You ask, “Are they anything near safe amounts?” It would be easier to answer this question if you were more specific on the recipe you want me to look at or vitamin. I don’t feel like analyzing and breaking down all these vitamins to you. I will say however that in general we need to be careful about the levels of fat-soluble vitamins we consume, that is, A, D, E, and K. Water soluble vitamins like the B’s and C are flushed out in urine so as long as you have healthy kidneys they shouldn’t pose a health risk when consumed in large amounts.

Again this confuses me, especially the last part. I think you are incorrectly assuming that official Soylent is better then DIY soylent. It is becoming increasingly clear to me that DIY is superior to the official product and while I am looking forward to trying the “real” thing I most likely will continue to DIY for some time. There are numerous issues brought up about Soylent which are discussed in other threads.

Yes, I use the USDA’s database which you can access here:
Despite being a government organization that is rather corrupt they do use sound science behind their nutritional analysis of various foods and I trust their results. You can also find information about different cooking methods there and the effect it has on nutrition, ie: for broccoli you can find on that website information for, raw broccoli, broccoli leaves, broccoli stalks, broccoli frozen, broccoli boiled, etc.

If you are talking about official Soylent, well nothing is stopping you. Perhaps Rob might say, the vitamins and fiber you would get by adding broccoli is already in Soylent and thus not needed. There are other compounds in plants then those which are considered essential vitamins and thus some might say that broccoli, ground up nuts, berries, etc. is needed to create a better soylent, inwhich case it would be a possibly superior DIY product.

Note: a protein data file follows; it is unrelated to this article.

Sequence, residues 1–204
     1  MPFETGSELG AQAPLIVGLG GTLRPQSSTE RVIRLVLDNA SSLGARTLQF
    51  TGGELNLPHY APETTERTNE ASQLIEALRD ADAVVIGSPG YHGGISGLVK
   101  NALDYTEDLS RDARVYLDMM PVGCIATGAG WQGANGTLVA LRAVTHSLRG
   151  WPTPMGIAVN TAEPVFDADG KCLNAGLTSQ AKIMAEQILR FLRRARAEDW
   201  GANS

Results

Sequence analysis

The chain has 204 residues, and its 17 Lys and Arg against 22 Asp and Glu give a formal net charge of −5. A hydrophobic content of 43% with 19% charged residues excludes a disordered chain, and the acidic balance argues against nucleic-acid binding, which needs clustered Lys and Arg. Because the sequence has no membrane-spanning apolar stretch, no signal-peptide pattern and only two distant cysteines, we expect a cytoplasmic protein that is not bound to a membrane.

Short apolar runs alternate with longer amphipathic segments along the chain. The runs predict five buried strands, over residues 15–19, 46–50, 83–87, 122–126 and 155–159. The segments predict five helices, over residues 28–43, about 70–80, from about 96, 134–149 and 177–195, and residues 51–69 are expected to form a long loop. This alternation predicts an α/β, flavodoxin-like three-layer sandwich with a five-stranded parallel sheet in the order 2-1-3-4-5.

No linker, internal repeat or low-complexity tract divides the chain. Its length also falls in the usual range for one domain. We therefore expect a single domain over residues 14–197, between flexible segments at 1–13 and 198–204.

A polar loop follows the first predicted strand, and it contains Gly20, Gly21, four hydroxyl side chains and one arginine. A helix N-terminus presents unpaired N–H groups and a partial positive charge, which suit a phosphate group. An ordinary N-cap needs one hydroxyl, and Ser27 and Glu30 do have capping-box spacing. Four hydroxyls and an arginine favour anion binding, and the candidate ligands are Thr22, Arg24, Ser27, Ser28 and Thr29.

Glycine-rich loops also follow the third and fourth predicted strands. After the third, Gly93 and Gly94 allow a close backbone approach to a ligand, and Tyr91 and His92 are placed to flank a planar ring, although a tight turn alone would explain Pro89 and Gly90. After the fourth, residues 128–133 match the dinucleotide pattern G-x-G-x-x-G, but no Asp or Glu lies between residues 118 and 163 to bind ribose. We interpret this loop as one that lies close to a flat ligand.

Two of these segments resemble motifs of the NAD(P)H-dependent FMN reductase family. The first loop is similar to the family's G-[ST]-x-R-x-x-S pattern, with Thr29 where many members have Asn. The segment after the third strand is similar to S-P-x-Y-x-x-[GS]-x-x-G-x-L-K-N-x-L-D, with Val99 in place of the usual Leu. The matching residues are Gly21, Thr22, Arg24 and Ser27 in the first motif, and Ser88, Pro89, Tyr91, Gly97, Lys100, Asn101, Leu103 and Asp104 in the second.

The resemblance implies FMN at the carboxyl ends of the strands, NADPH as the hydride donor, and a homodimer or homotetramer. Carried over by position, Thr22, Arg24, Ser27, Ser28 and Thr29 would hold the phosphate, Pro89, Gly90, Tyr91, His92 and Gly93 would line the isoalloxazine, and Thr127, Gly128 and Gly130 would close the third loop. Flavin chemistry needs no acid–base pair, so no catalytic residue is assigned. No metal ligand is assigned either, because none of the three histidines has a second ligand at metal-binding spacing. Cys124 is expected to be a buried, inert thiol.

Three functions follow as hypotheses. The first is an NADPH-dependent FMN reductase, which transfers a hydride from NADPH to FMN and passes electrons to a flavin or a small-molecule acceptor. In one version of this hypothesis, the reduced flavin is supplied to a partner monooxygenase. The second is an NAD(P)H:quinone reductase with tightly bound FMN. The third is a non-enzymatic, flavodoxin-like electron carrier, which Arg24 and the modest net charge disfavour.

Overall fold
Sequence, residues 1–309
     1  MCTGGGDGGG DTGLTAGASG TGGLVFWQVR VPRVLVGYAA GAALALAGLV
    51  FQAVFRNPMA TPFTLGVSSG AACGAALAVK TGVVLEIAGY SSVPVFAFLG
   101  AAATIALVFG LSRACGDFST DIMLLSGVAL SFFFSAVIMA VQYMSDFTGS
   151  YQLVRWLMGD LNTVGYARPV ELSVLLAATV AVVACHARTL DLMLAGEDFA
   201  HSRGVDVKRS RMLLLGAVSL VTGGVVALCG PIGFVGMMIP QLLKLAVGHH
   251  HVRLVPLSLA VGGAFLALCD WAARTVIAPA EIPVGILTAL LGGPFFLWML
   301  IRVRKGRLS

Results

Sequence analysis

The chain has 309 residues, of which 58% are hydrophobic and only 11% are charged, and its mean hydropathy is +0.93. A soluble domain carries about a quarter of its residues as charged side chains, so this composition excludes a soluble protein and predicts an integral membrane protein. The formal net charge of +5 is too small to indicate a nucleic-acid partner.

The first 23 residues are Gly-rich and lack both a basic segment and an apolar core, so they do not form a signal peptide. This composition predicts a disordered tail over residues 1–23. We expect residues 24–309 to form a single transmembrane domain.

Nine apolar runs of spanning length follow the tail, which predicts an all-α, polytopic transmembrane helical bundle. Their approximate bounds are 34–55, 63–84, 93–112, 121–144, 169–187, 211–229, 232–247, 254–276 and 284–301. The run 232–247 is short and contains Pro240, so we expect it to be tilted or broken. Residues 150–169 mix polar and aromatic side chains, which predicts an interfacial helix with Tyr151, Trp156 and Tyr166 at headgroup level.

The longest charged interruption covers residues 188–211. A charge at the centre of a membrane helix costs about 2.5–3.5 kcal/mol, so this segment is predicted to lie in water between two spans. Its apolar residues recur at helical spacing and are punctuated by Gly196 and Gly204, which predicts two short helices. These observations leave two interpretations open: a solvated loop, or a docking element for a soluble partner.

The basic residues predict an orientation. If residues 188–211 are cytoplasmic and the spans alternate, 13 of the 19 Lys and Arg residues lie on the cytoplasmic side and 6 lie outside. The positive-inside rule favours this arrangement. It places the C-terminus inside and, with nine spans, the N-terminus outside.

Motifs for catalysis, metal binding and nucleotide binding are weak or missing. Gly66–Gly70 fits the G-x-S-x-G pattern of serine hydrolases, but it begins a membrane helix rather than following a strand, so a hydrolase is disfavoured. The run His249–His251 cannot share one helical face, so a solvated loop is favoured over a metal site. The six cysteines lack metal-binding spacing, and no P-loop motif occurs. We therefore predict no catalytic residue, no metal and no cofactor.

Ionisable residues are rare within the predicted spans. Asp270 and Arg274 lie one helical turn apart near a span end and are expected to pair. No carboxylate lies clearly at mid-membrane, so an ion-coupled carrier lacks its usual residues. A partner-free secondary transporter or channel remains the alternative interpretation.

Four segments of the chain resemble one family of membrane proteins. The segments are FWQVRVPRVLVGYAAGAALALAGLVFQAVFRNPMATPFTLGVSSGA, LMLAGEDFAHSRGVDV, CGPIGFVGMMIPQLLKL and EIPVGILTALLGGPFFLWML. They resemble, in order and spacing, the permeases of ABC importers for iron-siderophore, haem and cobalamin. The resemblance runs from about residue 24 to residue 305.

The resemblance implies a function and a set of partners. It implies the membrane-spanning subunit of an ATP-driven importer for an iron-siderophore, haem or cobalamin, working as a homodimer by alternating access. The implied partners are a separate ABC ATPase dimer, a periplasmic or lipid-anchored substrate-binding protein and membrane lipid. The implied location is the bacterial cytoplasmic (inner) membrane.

I hope I helped.


I know that for a while the DIY spreadsheet wasn’t totaling correctly, I am not sure if its fixed now or not.
Soylent is a product for people who don’t have time to ‘DIY’ or fear that in their attempts, will make themselves sick.

As for the amounts, the USDA’s upper limit is sometimes a best-guess, and an average, based off an average individual, which last I knew for a male was something like, 5’ 9", and some 170lbs, which doesn’t fit every bodies needs or lifestyles. [quote=“Sorlaize, post:1, topic:10429”]
what is to stop me adding vegetables or dried vegetable powder or dried ground up nuts, seeds and berries to Soylent? Why is it not needed?

Because Soylent is already at the 100% values for every nutritional need (when compared to USDA’s list). If you want to add extras, you may go over the recommended values, but these may or my not of negative consequences. Since each person is different, those who DIY tweak it based on their needs and their body’s feedback.


You’ve nicely documented the answer yourself. In your own examples, not one upper limit is violated.